Is Defining Terms Vital in the CCM Debate?

March 17, 2018

Over the past several years, I have participated in numerous, often-heated discussions with people on-line about the propriety of using rock music and CCM in Christian worship. Several people have raised the issue in these discussions of my not defining what CCM, rock music, etc. mean.

To understand whether defining these terms is vital in the CCM debate, it is necessary to consider several lines of biblical reasoning.

The Divine Example in General of Not Defining Terms for Sinful Practices

In many places in Scripture, God instructs His people about sinful practices that they must not engage in. Strikingly, God routinely does not define any of the terms that He uses in such instruction!

For example, consider the following passages of divine instruction concerning sinful practices:

Leviticus 20:27  A man also or woman that hath a familiar spirit, or that is a wizard, shall surely be put to death: they shall stone them with stones: their blood shall be upon them.

God did not provide any definition here of what a wizard was nor did He explain specifically what activities such a person engaged in that were sinful or what made those activities sinful.

Deu 18:9  When thou art come into the land which the LORD thy God giveth thee, thou shalt not learn to do after the abominations of those nations.

10 There shall not be found among you any one that maketh his son or his daughter to pass through the fire, or that useth divination, or an observer of times, or an enchanter, or a witch,

11 Or a charmer, or a consulter with familiar spirits, or a wizard, or a necromancer.

12 For all that do these things are an abomination unto the LORD: and because of these abominations the LORD thy God doth drive them out from before thee.

God used many different terms here to denote obviously differing sinful practices of the Canaanites, but He does not define them. He did not explain any specifics about why these things are abominations, and yet He expected His people to understand and obey exactly all that He is saying in these prohibitions.

The Divine Example of Unchanging Use of the Same Undefined Terms for Sinful Practices

Not only does God routinely not define terms denoting sinful practices of corrupt humans, but also He repeatedly uses the same undefined terms to instruct His people on repeated occasions spanning various amounts of intervening time between those occasions.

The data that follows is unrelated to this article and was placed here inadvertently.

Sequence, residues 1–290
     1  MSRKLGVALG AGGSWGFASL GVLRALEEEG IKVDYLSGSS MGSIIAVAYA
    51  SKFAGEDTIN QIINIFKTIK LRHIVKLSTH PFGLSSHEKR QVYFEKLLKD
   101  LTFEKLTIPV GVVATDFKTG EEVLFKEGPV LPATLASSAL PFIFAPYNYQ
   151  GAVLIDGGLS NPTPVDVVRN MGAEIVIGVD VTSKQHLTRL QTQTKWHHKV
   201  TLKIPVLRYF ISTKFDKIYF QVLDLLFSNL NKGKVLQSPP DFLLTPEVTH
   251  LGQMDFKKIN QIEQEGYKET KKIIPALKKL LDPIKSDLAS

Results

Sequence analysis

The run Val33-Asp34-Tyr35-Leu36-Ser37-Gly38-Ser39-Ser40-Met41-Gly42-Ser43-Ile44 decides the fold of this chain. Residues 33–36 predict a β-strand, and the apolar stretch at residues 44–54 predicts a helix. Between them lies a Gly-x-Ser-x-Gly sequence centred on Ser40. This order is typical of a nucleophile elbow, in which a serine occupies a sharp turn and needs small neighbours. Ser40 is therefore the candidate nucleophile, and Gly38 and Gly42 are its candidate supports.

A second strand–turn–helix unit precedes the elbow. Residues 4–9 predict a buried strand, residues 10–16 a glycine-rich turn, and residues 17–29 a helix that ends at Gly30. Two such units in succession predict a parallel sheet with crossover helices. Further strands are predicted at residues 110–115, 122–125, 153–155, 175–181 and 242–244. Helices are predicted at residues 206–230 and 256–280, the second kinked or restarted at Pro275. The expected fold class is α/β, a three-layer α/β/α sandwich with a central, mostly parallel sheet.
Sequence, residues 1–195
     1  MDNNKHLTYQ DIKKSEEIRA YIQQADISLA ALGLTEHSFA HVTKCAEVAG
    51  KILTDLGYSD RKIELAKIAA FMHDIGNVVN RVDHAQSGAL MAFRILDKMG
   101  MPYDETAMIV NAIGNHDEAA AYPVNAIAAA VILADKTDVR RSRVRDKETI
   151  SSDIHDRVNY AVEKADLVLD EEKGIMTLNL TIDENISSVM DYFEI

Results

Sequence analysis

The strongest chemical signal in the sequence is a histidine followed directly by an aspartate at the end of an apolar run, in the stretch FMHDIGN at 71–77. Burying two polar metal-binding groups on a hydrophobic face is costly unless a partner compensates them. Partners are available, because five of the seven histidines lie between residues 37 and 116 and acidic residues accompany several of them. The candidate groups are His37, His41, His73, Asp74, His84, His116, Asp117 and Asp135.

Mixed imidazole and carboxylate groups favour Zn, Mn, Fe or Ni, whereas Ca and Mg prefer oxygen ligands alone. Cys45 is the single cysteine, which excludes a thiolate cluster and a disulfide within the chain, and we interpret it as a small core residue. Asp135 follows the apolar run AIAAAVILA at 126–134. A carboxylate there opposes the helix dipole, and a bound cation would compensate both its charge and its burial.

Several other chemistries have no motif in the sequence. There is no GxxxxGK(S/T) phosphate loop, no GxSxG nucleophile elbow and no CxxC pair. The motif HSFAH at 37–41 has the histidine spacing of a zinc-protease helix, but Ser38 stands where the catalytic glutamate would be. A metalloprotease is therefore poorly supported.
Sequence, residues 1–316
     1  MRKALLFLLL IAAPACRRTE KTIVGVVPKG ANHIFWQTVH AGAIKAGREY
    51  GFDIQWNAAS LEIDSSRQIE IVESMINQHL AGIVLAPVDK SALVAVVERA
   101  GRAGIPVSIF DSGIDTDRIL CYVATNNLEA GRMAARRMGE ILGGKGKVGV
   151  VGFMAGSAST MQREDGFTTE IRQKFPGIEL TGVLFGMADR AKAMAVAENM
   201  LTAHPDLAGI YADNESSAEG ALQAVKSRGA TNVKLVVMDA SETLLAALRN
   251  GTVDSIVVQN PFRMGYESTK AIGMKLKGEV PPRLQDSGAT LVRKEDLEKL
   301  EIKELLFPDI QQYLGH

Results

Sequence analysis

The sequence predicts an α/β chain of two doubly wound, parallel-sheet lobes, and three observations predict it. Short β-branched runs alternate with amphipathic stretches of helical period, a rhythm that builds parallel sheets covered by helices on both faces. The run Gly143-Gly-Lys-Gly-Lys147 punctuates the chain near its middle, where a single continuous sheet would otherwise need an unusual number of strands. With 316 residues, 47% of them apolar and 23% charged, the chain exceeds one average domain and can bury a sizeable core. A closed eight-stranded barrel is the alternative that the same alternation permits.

Exo 22:18  Thou shalt not suffer a witch to live.

Deu 18:10 There shall not be found among you any one that maketh his son or his daughter to pass through the fire, or that useth divination, or an observer of times, or an enchanter, or a witch,

1Sa 15:23 For rebellion is as the sin of witchcraft, and stubbornness is as iniquity and idolatry. Because thou hast rejected the word of the LORD, he hath also rejected thee from being king.

2Ki 9:22 And it came to pass, when Joram saw Jehu, that he said, Is it peace, Jehu? And he answered, What peace, so long as the whoredoms of thy mother Jezebel and her witchcrafts are so many?

2Ch 33:6 And he caused his children to pass through the fire in the valley of the son of Hinnom: also he observed times, and used enchantments, and used witchcraft, and dealt with a familiar spirit, and with wizards: he wrought much evil in the sight of the LORD, to provoke him to anger.

Mic 5:12 And I will cut off witchcrafts out of thine hand; and thou shalt have no more soothsayers:

Nah 3:4 Because of the multitude of the whoredoms of the wellfavoured harlot, the mistress of witchcrafts, that selleth nations through her whoredoms, and families through her witchcrafts.

Gal 5:20 Idolatry, witchcraft, hatred, variance, emulations, wrath, strife, seditions, heresies,

From the time of Moses to Jehu to Micah and Nahum to Paul, God has condemned witchcraft and related sinful practices but never once defined them! This data shows that God used the same undefined terms unchangingly to condemn the same sinful practices of various groups of wicked people over a vast span of time.

Furthermore, this data shows that such unchanging use of these terms was fully legitimate in spite of whatever changes may have happened in the “genres” of these sinful practices over the 1500 or so years spanned by the periods that these verses cover.

The Divine Example of Using Undefined Terms concerning Sinful Musical Practices

Of specific relevance to the issue of defining terms in the CCM debate are Scriptural statements about music that similarly do not define the terms used.

Isa 23:15 And it shall come to pass in that day, that Tyre shall be forgotten seventy years, according to the days of one king: after the end of seventy years shall Tyre sing as an harlot.